In Brief
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Valuing the Virtual: Are Non-Fungible Tokens Fad or Future?


July 21, 2021


THE STORY

Twitter CEO Jack Dorsey sold his first tweet as a non-fungible token (NFT) for $2.9 million. Thousands of pieces of virtual NFT real estate have sold this year for an average of $2,000 per property. A Christie’s auction set a new record in March 2021 for for highest NFT value: $69 million for a digital artwork file. The price exceeded that paid for physical works by many of the world’s greatest artists.

Are these signs of a passing fad or a glimpse into the future?

NFTs are creating new markets in the digital sphere, with the legitimacy and ownership of a piece of digital media verified by an electronic certificate. These certificates are stored on blockchains, a shared digital ledger that allows online transactions to be recorded over a network of computers.

“It’s supply and demand at work. NFTs’ fundamental rarity drives up their perceived value,” says Haley Chow, senior consultant, IP Solutions at Aon. “NFTs have become a virtual extension of markets that thrive on scarcity.”

The rise of NFTs occurs in a world with more and more digital natives and in which the value of intangible assets has grown dramatically.

WHY IT MATTERS

The digital verification of the NFT is what makes each one “non-fungible.” That code means each is one of a kind. In that respect, they differ from other digital assets such as Bitcoins, which could be substituted one for another.

NFT “minting” creates a permanent record of the asset on a file that can be viewed and verified by other computers on the network with access to the blockchain, without threatening the NFT’s integrity.

Permanence Holds Promise

The new digital assets could provide new marketing opportunities for businesses. Earlier this year the National Basketball Association launched an NFT product it calls Top Shot, digital trading cards that capture game highlights.

The band Kings of Leon became the first to release an album as an NFT, with various versions offering features such as enhanced artwork or seats at live concerts.

Taco Bell offered a run of taco-themed NFTs to benefit the company’s scholarship program — and sold out in 30 minutes.

And despite certain copyright challenges in their creation, NFTs may offer advantages for artists regarding royalties and resale. “With NFTs and smart contracts programmed into transactions, a copyright authority could permanently link the transfer of ownership and the commission payment,” says Chow.

Buyer Beware: The Digital Downsides

NFTs carry risks for creators and buyers. NFTs created from works of art, for example, don’t bring with them the copyright of the original. The creator might subsequently create a similar work based on the original.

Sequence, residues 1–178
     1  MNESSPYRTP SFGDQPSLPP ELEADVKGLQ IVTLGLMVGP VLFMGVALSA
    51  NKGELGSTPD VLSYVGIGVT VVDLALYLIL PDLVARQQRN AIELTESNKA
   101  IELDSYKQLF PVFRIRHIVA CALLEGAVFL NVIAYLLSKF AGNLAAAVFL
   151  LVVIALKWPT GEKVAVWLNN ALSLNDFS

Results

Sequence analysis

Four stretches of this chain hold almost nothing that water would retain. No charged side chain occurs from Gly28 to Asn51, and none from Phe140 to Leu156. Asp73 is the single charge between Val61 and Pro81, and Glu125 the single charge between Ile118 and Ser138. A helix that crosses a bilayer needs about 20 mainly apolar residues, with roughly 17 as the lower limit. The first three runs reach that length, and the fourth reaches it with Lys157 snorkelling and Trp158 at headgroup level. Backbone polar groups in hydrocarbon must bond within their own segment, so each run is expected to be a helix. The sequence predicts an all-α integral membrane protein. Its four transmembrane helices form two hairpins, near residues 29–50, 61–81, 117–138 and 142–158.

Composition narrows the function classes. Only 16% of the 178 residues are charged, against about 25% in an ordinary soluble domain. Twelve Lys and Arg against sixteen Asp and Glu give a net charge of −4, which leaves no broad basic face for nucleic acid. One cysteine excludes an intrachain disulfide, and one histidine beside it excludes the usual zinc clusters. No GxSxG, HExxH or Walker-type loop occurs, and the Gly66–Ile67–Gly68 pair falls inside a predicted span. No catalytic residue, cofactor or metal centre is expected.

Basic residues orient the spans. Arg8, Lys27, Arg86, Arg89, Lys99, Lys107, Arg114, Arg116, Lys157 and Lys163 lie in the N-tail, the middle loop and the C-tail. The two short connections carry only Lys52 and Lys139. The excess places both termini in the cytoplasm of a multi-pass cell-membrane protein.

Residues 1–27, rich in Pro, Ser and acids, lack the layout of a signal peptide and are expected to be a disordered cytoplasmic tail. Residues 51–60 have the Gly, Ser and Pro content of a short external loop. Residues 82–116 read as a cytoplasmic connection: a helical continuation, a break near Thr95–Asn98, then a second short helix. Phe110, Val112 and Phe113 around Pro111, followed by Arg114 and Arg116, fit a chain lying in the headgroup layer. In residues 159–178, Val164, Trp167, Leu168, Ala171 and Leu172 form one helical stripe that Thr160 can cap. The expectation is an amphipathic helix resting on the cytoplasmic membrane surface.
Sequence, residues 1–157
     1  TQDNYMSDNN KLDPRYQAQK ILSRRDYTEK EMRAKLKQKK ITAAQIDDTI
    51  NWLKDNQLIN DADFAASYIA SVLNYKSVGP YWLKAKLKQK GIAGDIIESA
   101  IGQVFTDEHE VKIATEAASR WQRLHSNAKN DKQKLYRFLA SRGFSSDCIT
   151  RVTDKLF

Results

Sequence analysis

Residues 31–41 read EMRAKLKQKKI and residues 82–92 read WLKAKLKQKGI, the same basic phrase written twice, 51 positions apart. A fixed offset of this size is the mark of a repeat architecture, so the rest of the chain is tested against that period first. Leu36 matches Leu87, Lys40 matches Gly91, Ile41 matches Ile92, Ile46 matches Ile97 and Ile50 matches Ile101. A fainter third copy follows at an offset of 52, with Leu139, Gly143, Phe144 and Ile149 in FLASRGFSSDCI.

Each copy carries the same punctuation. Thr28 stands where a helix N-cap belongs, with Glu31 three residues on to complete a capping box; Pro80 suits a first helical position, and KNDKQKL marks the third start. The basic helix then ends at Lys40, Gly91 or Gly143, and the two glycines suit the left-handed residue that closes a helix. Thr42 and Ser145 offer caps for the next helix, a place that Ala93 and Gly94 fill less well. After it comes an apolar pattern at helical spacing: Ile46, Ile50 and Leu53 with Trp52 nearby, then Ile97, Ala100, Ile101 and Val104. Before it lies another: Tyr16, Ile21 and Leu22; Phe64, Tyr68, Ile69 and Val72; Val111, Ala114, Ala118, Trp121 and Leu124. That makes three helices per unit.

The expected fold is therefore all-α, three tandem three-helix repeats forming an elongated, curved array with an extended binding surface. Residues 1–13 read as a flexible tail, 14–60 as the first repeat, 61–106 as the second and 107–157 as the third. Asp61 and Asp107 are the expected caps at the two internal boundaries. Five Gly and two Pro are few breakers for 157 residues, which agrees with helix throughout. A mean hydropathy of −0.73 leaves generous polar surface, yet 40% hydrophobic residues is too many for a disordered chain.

As alluded to above, Chow says copyrights might also be violated in the creation of some NFTs, particularly when the NFTs are based on materials whose proper ownership is difficult to determine.

“For NFTs that include sound recordings or parts of other copyrighted works, attempts to sell the NFT might violate rights,” says Chow. “For certain types of copyright, especially around music composition, it can be difficult to identify rights ownership. Determining the correct parties to authorize the initial sale may never occur, and both buyer and seller risk the invalidation of their transaction by the true rightsholder.”

NFTs’ digital nature also brings cyber security risks. “NFTs are stored on the blockchain, and many people store their private ownership keys in their ‘personal wallets’ on their computer, like any other file,” says Vanessa Leemans, chief broking officer, Cyber Solutions EMEA at Aon. “Once a key is stolen, there’s little chance of getting it back.”

Leemans says trading these digital assets can also bring risks. “Deposits are often made into ‘hot wallets,’ similar to virtual savings accounts, that are connected to external servers and not as hacker-proof as the actual blocks within the blockchain.”

Other concerns include the vulnerability of third-party vendors in the NFT ecosystem, as well as data privacy requirements in case of a breach, says Leemans.

There’s also the risk for those acquiring NFTs as investments. If this is an NFT bubble that ultimately bursts, buyers might find themselves holding digital assets worth far less than what they paid.

The Quest for the Rare

Where there’s a premium on rarity, NFTs’ one-of-a-kind pedigree may give them staying power. Despite NFTs’ current fad status, the interest in these virtual assets appears to be real. And while there are risks, NFTs may well provide real opportunities for businesses as well.

“Ready or not, NFTs are bringing scarcity-based markets into the digital age,” Chow says.